Strange Snacks of the World--Potato Jelly
I was poking around Sunrise Mart when I came across this gelatinous, vacuum-sealed slab, with a sad-looking potato on the package. Although it's simply called potato jelly on the English language sticker on the back, it's actually imoyokan, a very popular Japanese sweet made from sweet potatoes. Imoyokan is part of a very old category of jellied Japanese snacks known as yokan, which are usually made with azuki bean paste (or white bean paste) and jelled with agar agar.
Quoth Wikipedia on the subject of yokan:
Originally a Chinese dish made from gelatin from boiled sheep. It was introduced to Japan by Zen Buddhists in the Kamakura and Muromachi periods. As Buddhism forbids killing, agar was used instead. This modified form became the basis of modern yokan.
The imoyokan that I bought lists sweet potato, sugar, white bean paste, wheat flour and glutinous rice--no agar agar, but I guess the glutinous rice could account for the texture. It is really delicious. Once the plastic is off, it looks much more appetizing. The texture is a bit like Turkish delight. It tastes like a less sweet and more dense sweet potato pie filling.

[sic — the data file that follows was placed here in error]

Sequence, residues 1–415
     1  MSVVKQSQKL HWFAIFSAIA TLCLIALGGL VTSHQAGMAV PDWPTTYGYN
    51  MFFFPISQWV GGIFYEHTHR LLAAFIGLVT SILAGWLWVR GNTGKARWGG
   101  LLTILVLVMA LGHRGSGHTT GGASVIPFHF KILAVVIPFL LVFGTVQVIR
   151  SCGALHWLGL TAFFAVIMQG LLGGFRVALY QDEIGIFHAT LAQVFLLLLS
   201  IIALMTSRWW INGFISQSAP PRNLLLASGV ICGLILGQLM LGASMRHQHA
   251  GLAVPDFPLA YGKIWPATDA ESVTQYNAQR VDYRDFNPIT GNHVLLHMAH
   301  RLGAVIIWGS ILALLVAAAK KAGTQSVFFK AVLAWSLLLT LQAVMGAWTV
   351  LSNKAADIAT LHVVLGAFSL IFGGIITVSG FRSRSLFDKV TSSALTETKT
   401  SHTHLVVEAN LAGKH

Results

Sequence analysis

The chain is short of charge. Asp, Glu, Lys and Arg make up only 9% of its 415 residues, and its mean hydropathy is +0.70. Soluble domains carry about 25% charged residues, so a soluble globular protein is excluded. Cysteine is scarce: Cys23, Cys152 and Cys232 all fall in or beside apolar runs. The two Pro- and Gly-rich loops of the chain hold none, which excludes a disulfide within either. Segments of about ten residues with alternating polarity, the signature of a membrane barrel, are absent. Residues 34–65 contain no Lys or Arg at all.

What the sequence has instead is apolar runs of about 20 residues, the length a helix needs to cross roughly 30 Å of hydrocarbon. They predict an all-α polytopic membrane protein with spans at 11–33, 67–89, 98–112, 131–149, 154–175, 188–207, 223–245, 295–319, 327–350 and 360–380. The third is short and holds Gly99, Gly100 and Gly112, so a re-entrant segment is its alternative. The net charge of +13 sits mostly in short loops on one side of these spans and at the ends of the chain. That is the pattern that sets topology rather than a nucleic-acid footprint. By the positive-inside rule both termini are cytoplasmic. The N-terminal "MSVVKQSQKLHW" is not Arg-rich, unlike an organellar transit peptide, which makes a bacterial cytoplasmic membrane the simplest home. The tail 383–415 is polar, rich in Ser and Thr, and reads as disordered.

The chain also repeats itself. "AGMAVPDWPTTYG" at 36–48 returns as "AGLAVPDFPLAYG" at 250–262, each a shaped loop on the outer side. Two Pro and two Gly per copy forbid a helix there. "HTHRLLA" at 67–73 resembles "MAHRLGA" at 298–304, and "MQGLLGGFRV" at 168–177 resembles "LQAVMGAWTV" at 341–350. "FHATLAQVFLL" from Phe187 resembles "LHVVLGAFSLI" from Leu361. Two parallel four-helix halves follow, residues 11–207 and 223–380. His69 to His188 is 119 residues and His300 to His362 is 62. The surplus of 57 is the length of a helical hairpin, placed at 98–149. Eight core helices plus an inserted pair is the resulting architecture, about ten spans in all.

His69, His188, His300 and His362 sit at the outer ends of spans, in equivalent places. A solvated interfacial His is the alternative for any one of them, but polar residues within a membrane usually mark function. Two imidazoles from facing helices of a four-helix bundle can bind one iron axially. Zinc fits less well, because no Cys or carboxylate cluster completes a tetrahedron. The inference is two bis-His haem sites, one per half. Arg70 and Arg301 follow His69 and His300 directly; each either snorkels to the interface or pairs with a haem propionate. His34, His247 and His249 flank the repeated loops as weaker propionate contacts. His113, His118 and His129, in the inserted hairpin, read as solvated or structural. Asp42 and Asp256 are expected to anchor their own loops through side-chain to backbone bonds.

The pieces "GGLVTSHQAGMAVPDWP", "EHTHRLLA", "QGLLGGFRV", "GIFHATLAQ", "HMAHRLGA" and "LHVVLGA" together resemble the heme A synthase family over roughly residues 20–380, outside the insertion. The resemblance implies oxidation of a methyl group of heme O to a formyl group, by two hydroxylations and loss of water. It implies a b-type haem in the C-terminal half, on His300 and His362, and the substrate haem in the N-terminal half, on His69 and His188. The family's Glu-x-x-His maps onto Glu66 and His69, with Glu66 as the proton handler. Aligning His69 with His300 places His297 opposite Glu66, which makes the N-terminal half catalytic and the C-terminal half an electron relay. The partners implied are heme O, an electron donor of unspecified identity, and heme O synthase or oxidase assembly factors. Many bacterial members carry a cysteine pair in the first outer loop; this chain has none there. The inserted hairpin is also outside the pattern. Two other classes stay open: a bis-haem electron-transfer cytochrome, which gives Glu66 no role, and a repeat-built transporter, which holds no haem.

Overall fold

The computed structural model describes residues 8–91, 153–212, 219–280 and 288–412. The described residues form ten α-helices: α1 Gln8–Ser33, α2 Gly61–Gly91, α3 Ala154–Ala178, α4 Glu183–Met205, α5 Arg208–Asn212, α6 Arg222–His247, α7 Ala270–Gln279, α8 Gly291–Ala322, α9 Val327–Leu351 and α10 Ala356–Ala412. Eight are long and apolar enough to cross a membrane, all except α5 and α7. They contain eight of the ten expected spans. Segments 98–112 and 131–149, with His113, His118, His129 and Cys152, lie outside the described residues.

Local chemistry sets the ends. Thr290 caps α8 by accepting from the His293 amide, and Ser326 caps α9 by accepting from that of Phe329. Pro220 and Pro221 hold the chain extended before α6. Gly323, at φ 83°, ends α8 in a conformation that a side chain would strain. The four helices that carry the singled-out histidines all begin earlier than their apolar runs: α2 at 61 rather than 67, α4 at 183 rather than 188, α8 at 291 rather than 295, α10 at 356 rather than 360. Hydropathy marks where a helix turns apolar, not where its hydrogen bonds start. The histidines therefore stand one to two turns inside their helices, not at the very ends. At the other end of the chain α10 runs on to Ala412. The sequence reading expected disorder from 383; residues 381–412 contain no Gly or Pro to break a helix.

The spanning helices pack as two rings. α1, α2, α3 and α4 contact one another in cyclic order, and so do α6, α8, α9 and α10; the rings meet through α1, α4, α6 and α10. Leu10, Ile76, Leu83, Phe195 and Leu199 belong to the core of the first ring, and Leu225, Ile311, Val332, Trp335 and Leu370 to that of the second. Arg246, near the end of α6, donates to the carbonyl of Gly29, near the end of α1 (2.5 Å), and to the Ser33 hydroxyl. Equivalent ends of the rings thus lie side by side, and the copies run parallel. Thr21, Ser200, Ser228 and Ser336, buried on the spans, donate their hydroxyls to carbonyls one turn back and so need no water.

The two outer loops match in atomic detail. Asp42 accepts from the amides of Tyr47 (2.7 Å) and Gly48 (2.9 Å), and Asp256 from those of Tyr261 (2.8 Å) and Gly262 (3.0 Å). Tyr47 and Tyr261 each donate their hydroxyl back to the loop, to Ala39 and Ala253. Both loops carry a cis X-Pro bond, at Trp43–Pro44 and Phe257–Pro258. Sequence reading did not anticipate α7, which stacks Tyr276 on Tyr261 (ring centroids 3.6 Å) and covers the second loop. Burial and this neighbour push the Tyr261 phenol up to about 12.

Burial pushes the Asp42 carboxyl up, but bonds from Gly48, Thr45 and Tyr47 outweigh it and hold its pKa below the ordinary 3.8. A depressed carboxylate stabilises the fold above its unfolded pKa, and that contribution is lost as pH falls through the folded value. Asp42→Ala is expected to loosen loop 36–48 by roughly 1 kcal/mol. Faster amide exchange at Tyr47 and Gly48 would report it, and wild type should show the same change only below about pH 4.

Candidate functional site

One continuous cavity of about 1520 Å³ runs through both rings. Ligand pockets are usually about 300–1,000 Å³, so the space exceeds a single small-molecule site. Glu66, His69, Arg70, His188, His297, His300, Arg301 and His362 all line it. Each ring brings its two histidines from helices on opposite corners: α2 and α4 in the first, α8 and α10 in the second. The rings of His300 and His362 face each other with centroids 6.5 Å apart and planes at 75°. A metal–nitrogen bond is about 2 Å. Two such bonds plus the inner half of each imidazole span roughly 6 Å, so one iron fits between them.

But don't take it on the plane. Quoth, again, Wikipedia:
Due to its relative heaviness and unfamiliarity with this dessert, it has been mistaken as C-4 or similar plastic explosives during baggage checks.
If you want to try making imoyokan at home, a recipe is here.
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